Digging Deeper Into Qualified Purchasers
Did you know that there are some investments only available to specific investors? It’s not just a niche market or catering to an exclusive club—some investments are not available on the larger market due to looser regulation and higher risk. Because of that, financial authorities only allow certain individuals to access them.
If you know your way around investments, you’re probably thinking of accredited investors. Here’s the thing—some investments aren’t available to accredited investors. Instead, they’re solely open to a group of investors called qualified purchasers.
Here’s a look at qualified purchaser basics and whether your investment goals could benefit from becoming one.
Qualified Purchaser Basics
Under 15 U.S. Code § 80a–2 (Definitions; applicability; rulemaking considerations), a qualified purchaser is:
- A natural person who owns no less than $5 million in investments
- A company which owns not less than $5 million in investments and is owned directly or indirectly by two or more natural persons who are spouses, siblings, or direct descendants of such persons
- Any trust not formed exclusively for acquiring securities
- Any person acting on their own account or others accounts who owns and invests not less than $25 million on a discretionary basis
Basically, a qualified purchaser is an individual or family-owned business owning $5 million or more in investments, which cannot include a primary residence or business property. Note the use of the word investments—qualified purchasers meet criteria based on net investments, not net assets, even though most other investor qualifications rely on net assets.
Qualified Purchaser vs. Accredited Investor
At this point, it’s important to distinguish between a qualified purchaser and an accredited investor. The concepts are similar, but in practice, they’re two very different things.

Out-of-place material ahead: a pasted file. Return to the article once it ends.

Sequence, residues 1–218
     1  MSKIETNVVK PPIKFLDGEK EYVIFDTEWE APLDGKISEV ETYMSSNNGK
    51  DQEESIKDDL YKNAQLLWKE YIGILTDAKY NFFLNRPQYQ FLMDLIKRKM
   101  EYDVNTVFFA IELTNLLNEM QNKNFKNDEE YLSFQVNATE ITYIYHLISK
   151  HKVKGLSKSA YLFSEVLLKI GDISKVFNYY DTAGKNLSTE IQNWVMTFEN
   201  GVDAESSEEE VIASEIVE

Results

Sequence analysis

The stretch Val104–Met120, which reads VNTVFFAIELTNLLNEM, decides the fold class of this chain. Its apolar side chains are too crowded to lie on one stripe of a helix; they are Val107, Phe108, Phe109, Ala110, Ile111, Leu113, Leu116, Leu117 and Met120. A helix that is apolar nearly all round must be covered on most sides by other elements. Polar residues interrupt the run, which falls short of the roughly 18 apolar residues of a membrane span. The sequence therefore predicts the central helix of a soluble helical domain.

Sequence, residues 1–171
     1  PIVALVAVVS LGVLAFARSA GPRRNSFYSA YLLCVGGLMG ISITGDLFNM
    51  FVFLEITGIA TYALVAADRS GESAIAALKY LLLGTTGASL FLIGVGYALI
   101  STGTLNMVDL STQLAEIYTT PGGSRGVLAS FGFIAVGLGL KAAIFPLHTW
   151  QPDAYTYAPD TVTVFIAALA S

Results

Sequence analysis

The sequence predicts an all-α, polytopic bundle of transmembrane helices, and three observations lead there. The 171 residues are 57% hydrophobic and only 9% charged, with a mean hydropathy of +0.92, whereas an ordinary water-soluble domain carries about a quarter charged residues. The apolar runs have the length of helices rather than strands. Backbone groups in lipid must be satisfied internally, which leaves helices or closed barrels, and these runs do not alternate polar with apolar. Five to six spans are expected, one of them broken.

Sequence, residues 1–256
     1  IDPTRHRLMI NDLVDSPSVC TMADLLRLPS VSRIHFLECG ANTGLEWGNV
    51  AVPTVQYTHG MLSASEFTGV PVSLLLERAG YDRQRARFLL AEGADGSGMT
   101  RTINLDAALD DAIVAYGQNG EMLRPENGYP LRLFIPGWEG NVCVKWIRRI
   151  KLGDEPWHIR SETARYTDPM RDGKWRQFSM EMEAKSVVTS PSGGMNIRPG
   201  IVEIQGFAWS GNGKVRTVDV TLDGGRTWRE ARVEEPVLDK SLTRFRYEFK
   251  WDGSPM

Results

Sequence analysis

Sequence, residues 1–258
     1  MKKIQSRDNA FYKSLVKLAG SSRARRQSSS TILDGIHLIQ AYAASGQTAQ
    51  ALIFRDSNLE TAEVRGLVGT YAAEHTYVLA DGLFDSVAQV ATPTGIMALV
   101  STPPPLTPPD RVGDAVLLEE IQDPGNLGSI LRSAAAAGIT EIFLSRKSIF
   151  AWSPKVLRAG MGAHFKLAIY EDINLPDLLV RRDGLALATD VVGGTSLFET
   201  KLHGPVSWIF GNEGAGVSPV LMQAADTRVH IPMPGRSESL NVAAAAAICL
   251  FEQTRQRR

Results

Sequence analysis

An accredited investor is anyone whose earned income exceeded $200,000 (or $300,000 combined with a spouse) for the past two years with reasonable expectation of earning that much next year; someone with a net worth of $1 million or more, alone or with a spouse and not including the value of their primary residence; or someone who holds a Series 7, Series 65, or Series 82 license in good standing.
Both qualified purchasers and accredited investors can access certain high-risk investment instruments which are loosely regulated (if at all). In the eyes of financial authorities, such individuals have the means and financial sophistication to know what they’re getting into and weather a potentially serious loss.
A qualified purchaser is an accredited investor, but an accredited investor is not a qualified purchaser. In other words, qualified purchasers can access all the same investments as an accredited investor but not vice versa. There are two key differences. First, qualified purchasers have a higher entry requirement ($5 million in investments rather than $1 million net worth). Second, qualified investors meet the criteria based on net investments, rather than net assets.